11 September 2016 | lugonian
"Fight For Your Lady"
THE FARMER TAKES A WIFE (Fox, 1935), directed by Victor Fleming, stars Janet Gaynor in one of her finer film roles of her latter-day career at her home studio. Often teamed opposite Charles Farrell in as many as twelve feature films that began in 1927, the role of the farmer didn't go to Farrell this time, now that Farrell's career has already past its prime, but to a newcomer to the motion picture screen by the name of Henry Fonda (1905-1982). An appropriate choice considering it was Fonda who starred in the original stage production in 1934, a role that earned him recognition, enough to be selected the lead for his movie debut. As much as Fonda didn't receive any special screen introduction in the opening credits, a common practice that would occur in later years, at least he did have his name placed below his leading lady and above the title, which is an honor in itself.
The setting takes place in New York State around the year 1850, where the Erie Canal is the most important means of transportation route through the area. Yet there is new means of progress that's to change all this, and that's the railroad rumored to become its rival force. Molly Larkin (Janet Gaynor), an Irish-spirited girl who comes from a long line of fighters, works as a cook on the boat "Emma" for Jotham Klore (Charles Bickford), known to many as both "the bully of the canal" and roughneck who's never lost a fight in his life. Entering the scene is Dan Harrow (Henry Fonda) who arrives in time to stop a fight between two men on the street, much to the dismay of Molly. Eventually Molly becomes acquainted with the quaint but soft-spoken Dan, who's come looking for work on the canal in order to earn enough money to buy a farm. He is soon hired as a driver boy of the "Starsey Sal" boat for Samson Weaver (Roger Imhof). After Klore becomes drunk and unruly towards Molly, she quits his employ and goes to work on Weaver's boat. Now sober, Klore learns about Molly leaving him, thus becoming violent enough to go after Dan. Before carrying on his threat, Klore is taken to jail for where he spends three months to think things over. After Weaver wins a $5,000 lottery, he makes Dan captain, offering him half interest on the boat, which would help him earn enough money to buy a farm within the year. Because of his good fortune, Dan, who thinks of nothing but Molly, proposes marriage to her. Her reply is that she will marry him in due time on the promise she not talk about the canal while he not talk about farming for an entire year. As the year passes, Dan goes against her wishes by buying a farm from Mr. Butterworth (Frederick Burton). While this upsets Molly, nothing can further get her Irish blood boiling when she comes to believe Dan is a coward for leaving for his farm rather than fight with Klore, who's come looking for him to settle a score.
Other members of the cast include: Andy Devine (Elmer Otway); Sig Rumann (The Blacksmith); Margaret Hamilton (Lucy Gurget); and John Qualen (Sol Tinker). Slim Summerville, then a new resident of Fox Films from Universal, offers some comedy relief as Fortune Friendly, a dentist, who, in his opening sequence with the apple on a stick eating Della (Jane Withers), explaining through the map of the process of the railroad, allowing himself to pull the wrong tooth from Ivy (Kitty Kelly), one of his first patients (or victims). There's even one moment of amusement where he's seen examining the teeth of a horse. Summerville comes in and out of the story with some more comedy relief, even to the point of getting Dan to break away from his farm to fight for Molly's honor.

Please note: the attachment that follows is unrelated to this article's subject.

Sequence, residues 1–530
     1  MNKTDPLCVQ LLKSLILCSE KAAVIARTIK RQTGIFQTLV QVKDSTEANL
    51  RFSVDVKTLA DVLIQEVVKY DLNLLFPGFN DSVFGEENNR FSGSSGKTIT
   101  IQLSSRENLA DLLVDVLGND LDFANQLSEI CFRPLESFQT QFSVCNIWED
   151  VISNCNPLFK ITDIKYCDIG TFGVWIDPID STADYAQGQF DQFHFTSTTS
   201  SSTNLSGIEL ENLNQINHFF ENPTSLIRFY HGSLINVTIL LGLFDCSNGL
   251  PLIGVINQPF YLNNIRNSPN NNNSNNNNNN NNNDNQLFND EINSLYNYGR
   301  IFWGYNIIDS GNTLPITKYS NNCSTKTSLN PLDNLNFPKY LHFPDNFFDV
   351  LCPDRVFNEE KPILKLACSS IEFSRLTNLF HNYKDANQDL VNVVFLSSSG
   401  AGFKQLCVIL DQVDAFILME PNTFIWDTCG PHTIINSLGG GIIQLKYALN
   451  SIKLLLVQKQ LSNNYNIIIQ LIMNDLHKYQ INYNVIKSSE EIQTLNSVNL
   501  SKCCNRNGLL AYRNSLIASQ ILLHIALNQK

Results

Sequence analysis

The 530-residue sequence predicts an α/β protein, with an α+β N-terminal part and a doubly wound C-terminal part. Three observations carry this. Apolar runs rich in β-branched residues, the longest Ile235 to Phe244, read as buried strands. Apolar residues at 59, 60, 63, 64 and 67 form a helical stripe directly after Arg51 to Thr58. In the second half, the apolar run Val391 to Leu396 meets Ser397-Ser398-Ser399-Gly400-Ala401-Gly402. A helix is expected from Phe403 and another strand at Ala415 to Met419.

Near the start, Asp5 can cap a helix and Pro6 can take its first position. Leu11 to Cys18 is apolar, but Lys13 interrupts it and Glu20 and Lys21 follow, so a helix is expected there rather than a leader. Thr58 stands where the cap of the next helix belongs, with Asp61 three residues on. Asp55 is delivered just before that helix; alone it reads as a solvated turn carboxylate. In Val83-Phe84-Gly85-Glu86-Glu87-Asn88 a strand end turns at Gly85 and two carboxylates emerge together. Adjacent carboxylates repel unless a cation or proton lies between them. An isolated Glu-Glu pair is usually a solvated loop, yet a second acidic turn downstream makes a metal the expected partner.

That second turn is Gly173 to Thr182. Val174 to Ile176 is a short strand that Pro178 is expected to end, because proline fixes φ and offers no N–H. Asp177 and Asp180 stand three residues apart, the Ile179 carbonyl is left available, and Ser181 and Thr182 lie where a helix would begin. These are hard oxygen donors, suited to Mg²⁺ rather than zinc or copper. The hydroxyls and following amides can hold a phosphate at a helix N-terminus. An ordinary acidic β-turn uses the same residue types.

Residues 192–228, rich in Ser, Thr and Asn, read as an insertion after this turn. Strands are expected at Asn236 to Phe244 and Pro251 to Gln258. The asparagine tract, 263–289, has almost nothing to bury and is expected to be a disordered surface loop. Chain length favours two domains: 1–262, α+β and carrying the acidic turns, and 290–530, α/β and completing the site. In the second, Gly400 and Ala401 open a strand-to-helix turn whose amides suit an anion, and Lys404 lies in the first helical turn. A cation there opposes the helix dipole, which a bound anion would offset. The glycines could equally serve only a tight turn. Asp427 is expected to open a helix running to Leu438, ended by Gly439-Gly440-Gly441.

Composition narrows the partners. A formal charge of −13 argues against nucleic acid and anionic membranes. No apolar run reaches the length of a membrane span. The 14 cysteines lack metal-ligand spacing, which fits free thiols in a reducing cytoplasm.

Leisurely paced and traditional Fox Films production of early America with songs and background music as "Oh, Susannah" and "I've Been Working on the Railroad" to reflect the spirit of the times. Because Fonda has worked his way to a long range of motion pictures that ended shortly before his death in 1982, earning a Best Actor Academy Award for his final motion picture of ON GOLDEN POND (1981) indicates how such a performer had the rare distinction of starring in both his first and last movie in the span of 45 years. Even if Fonda made this this his one and only movie, somehow there would be something about his presence that would continue to stand out, even today. With Gaynor and Fonda being a good combination, this was to be the only time they worked together.
Remade as a Technicolor musical by 20th Century-Fox (1953) starring Betty Grable and Dale Robertson, the remake was fine but didn't seem to have the lasting appeal as the 1935 original. Regardless of its then success, the original THE FARMER TAKES A WIFE, never distributed to video cassette during the home video era of the 1980s and 90s, has become one of those rarely seen products, at least not until cable television resurrected it briefly in 1983 on Cinemax, and decades later on Turner Classic Movies (TCM premiere: August 1, 2009).
This is where the legend of Henry Fonda begins. It's also a look back into the near forgotten career of both Janet Gaynor back in the days before the old Fox studio converted to 20th Century-Fox the year of its release. (***)